Money Talks, So Should You

Go paperless: Four benefits to digitizing files

Scott Bilker
by Scott Bilker, Dimespring Contributor  (@scottbilker)

What does “going paperless” mean, and more importantly – why should you care?

‘Going paperless’ doesn’t mean: saving the planet, eliminating every piece of paper from your life, the end of snail-mail and junk mail, never needing a filing cabinet, and saying goodbye to books. Going paperless simply means doing your best to digitize and electronically organize as much paperwork as you can.

Being free of the majority of the paper in my life since I went paperless a few years ago has had several big benefits:

• My paper files are slowing emptying and becoming less relevant as time goes on
• All of my files are easily available, either on my laptop and/or on cloud drives
• Any file I need is quickly and easily located
• When in doubt, I can save something without having a space issue

READ: Go paperless: Set up your files with Google Cloud

There will always be certain vital information that you will need to keep paper copies of in your files, such as birth certificates, deeds, insurance documents, automobile titles, stuff you carry in your wallet, print photos with no negatives and no copies, and diplomas to prove that your student debt is worth the price of your degree(s).

I started down the road to storing less paper in 1999, when I decided to go photo-print-less. It was clear to me that digital photo files were the new negatives for the 21st century. Many people were worried about losing the feeling of holding a photo. But it’s much better to share your photos through social media and have them available – everywhere and all of the time – instead of having them deteriorate in your attic. I told my children then that, one day, they would be able to put all of the photos and videos I had ever created in their pocket. Well, that day is here.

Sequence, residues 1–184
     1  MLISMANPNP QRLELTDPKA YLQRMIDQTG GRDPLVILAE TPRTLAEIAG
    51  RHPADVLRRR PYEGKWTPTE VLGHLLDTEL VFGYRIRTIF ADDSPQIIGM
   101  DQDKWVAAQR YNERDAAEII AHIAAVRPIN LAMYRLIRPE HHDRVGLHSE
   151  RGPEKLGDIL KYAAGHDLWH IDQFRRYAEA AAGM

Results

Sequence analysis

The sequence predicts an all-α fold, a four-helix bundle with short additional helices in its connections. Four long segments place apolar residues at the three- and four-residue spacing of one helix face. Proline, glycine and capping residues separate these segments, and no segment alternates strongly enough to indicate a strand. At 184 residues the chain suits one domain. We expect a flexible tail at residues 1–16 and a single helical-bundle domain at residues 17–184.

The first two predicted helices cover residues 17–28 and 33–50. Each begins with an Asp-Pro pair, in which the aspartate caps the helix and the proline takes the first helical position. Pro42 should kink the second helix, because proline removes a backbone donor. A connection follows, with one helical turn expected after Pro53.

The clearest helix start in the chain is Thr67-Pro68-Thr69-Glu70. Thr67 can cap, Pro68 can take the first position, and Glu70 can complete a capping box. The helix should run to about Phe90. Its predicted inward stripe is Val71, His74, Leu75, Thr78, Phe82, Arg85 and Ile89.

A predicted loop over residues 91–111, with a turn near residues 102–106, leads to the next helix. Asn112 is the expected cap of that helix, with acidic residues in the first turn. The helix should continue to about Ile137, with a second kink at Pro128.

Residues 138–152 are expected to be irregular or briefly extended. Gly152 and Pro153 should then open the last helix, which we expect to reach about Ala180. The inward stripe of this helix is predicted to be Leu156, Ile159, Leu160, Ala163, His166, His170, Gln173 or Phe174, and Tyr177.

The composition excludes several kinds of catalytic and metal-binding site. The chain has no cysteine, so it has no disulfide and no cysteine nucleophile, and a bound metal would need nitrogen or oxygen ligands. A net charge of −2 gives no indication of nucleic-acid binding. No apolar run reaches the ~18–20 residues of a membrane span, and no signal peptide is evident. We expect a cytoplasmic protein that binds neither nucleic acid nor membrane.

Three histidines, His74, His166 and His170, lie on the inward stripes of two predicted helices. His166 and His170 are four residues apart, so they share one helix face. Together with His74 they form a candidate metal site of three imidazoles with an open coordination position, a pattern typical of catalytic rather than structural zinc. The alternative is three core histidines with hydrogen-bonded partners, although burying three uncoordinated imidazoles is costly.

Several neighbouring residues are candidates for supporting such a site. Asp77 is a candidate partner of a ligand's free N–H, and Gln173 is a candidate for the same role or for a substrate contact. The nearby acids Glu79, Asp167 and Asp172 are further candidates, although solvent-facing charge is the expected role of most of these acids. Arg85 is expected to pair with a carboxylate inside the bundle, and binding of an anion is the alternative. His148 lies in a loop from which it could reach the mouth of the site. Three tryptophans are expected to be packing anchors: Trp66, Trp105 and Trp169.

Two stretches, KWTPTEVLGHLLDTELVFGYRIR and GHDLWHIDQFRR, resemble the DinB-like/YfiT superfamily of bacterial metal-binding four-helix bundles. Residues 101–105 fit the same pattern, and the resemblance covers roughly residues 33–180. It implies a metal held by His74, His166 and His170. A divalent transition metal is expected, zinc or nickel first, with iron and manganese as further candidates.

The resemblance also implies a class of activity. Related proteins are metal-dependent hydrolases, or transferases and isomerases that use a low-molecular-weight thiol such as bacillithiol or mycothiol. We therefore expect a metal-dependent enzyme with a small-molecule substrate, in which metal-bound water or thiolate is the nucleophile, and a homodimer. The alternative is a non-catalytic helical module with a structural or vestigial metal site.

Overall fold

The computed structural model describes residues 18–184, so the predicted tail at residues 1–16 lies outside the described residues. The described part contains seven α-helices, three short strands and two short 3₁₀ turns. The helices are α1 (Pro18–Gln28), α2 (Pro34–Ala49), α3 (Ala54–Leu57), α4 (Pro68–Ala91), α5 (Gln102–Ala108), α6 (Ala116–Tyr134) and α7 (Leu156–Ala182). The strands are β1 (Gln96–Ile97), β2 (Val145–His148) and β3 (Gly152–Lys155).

READ: Go paperless: Three steps to save your files forever

Digital files stored online are instantly accessible via any smartphone.

At the end of 2006, I was running out of space fast. A few months later, I noticed that my paper files were starting to reach capacity. I had four cabinets, with four long drawers 26 inches long, and they were packed tighter than pickles, as Ellen DeGeneres would say. It didn’t seem to make sense to buy another oversized filing cabinet. That’s when I decided it was time to do my best to get rid of as much paper as possible, starting with billing statements, bank statements, notifications, tax documents, and receipts.

But there’s work involved. It takes time and effort and thinking to start down the path of going paperless.

Scott Bilker is the founder of and author of the best-selling books, Talk Your Way Out of Credit Card Debt, Credit Card and Debt Management, and How to be more Credit Card and Debt Smart.